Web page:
The parish was formed in 1901, and a wooden structure was built in 1902. That building burned in 1917, and a second building of stone was built in 1918. The current building was dedicated in 1937, and is octagonal in structure. The influence of the incipient liturgical movement can be seen in the complete lack of columns, giving everyone in the congregation a clear view of what would have been known in the 1930s as the ‘liturgical altar.’ The most impressive elements of the interior are the eight stunning stained glass windows designed by the Emil Frei & Associates studio of St Louis, whose works grace churches throughout the United States. Each window reflects one of the eight beatitudes in Matthew 5 (the gospel for the parish's feast of title); these were installed in 1948. The stone altar is impressive, with three mosaics on the front. The two mosaics on either side depict the eucharistic symbols of loaves and fishes; the mosaic in the center, the Lamb of God. The original communion rail is still partially present, but with cut-outs for the ambo and access to the presider's chair.
This is a small parish, with only one weekend mass (Materfamilias counted about 75 in attendance). If this is representative of the size of the parish, they manage to be quite active, judging from their Sunday bulletin and website – a collection of school supplies for children in need was announced, an annual trivia night, a choir, a handbell choir, and – on the Sunday we attended – a talent show following mass. There is also a chapter of St Vincent de Paul and various Christian formation activities.
The St Louis area has a strong Catholic presence, and the area has sometimes been referred to as the Rome of the West. University City is a suburb of St Louis that gets its name from the presence of Washington University, one of the nation's preeminent private research universities. All Saints is not far from the Delmar Loop, full of ethnic restaurants, performance venues, and specialty shops. The area immediately surrounding the parish is apartments, apartments, and more apartments – many of them, I assume, occupied by ‘Wash U’ students.
A priest celebrated and gave the homily; there was one acolyte (adult). There was a lector/intercessor, and two chalice bearers. Musically, there was an organist/pianist, cantor, and, on the opening and closing hymns, a tambourinist.
What was the name of the service?Mass.
How full was the building?
Materfamilias counted about 75 in attendance; the space was less than half full.
Did anyone welcome you personally?
No, but we arrived early.
Was your pew comfortable?
How would you describe the pre-service atmosphere?
Quiet and reverent.
What were the exact opening words of the service?
'Good morning, and welcome to All Saints.' We were then told where we could find the readings, asked to silence our cell phones, and invited to join in the opening hymn.
What books did the congregation use during the service?
The Saint Augustine Hymnal, a joint publication of International Liturgy Publications, Nashville, Tennessee; and Custom Hymnal, Inc., Notre Dame, Indiana. Also, Gather Comprehensive, a 1994 publication of GIA in Chicago. Lead Me, Guide Me, a 1987 African-American Catholic hymnal also published by GIA, was in the pews but not used at this service. This is the first parish I have visited with three different hymnals in the pews!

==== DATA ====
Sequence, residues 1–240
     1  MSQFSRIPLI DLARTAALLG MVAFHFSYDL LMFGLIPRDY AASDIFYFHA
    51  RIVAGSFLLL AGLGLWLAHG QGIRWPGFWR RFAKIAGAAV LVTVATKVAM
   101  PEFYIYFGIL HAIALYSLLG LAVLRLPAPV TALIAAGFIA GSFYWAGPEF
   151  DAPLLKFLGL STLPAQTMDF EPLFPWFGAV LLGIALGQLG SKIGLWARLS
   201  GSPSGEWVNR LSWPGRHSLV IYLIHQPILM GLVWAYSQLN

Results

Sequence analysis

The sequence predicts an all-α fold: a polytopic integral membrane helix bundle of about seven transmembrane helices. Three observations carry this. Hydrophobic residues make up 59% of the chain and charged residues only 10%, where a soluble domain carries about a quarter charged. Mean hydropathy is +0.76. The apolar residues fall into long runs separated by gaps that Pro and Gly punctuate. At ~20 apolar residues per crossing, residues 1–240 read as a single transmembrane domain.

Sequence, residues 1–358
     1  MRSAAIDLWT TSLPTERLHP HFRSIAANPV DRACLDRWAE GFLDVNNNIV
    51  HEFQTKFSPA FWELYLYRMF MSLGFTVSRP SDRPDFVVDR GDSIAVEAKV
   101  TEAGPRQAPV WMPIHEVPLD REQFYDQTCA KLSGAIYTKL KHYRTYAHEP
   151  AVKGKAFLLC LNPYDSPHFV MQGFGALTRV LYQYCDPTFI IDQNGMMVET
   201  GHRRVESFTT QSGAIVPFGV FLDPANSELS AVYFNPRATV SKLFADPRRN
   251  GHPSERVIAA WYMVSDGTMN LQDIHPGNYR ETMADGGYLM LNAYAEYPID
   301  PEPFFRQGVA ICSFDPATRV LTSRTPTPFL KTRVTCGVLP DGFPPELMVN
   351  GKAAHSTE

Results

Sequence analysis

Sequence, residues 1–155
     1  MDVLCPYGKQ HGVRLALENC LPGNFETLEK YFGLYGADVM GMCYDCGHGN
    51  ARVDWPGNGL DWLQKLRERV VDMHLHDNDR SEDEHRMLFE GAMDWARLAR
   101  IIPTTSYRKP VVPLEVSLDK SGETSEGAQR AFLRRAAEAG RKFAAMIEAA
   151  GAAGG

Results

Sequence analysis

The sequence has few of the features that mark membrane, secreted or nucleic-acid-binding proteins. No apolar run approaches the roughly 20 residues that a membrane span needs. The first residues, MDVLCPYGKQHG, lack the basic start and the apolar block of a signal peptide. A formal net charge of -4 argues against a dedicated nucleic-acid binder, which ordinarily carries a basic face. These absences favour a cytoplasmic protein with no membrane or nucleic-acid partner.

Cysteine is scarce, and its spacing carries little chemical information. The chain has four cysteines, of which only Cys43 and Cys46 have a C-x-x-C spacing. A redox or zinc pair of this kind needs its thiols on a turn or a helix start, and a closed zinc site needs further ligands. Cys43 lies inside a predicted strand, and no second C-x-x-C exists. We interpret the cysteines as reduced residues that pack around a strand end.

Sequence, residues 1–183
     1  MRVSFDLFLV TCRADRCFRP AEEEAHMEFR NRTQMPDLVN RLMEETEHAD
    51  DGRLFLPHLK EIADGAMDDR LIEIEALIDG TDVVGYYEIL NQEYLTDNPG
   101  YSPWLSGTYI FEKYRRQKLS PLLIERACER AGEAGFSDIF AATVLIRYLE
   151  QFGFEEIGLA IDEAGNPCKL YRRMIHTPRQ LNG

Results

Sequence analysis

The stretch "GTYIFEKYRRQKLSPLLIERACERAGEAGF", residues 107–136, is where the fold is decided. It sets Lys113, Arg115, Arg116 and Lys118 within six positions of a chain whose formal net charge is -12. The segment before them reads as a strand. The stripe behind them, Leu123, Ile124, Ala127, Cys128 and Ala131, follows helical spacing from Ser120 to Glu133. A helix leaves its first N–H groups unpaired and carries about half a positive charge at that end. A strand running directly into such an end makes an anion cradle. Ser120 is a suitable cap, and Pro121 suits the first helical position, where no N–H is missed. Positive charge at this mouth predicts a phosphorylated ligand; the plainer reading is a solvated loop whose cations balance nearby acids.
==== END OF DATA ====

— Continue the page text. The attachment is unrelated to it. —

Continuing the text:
What musical instruments were played?
An electronic organ, baby grand piano, and tambourine. Mostly the piano.
Did anything distract you?
For a first-time visitor, juggling two hymnals was a challenge, although the hymn board had fairly complete information.
Was the worship stiff-upper-lip, happy clappy, or what?
No fuss, no muss. Fairly typical ordinary form celebration for a North American parish. Bells were rung before the institution narrative and at the elevations. Musical selections were all contemporary, including the ubiquitous Mass of Creation by Marty Haugen.
Exactly how long was the sermon?
On a scale of 1-10, how good was the preacher?
9 — Short and sweet, one of the shortest Sunday homilies I've heard. The preacher is on the faculty of the local seminary, and an excellent public speaker.
In a nutshell, what was the sermon about?
The Corpus Christi celebration is meant to enliven our sense of awe at the holy mystery of the eucharist. We celebrate at an altar where sacrifice is offered, not a table; we use a chalice, not a cup, to administer the Blood of Christ. Eucharistic vestments are not something you’d ever wear to a local restaurant.
Which part of the service was like being in heaven?
The pianist/organist was quite fine; consequently, this congregation sings better than many Catholic communities.
And which part was like being in... er... the other place?
We were visiting St Louis and had no car, so we walked to mass from our hotel. St Louis' humidity in the summer months must average around 110 per cent, and is truly like being in the other place.
What happened when you hung around after the service looking lost?
An usher offered us a bulletin; when I declined to take one (Materfamilias already had hers), he assured us we could have two, if we wished.
How would you describe the after-service coffee?
Typically, coffee and pastries are on offer every other Sunday. Today, though, there was a sit-down, potluck breakfast and a talent show. That was a bit more than we wanted to sit through, so we made our way back to our hotel.
How would you feel about making another visit (where 10 = ecstatic, 0 = terminal)?
9 — Such a beautiful space; would love to attend on a Sunday when their choir is singing.
Did the service make you feel glad to be a Christian?
What one thing will you remember about all this in seven days' time ?
The stained glass windows. On future visits to St Louis we will seek out other of Emil Frei's works.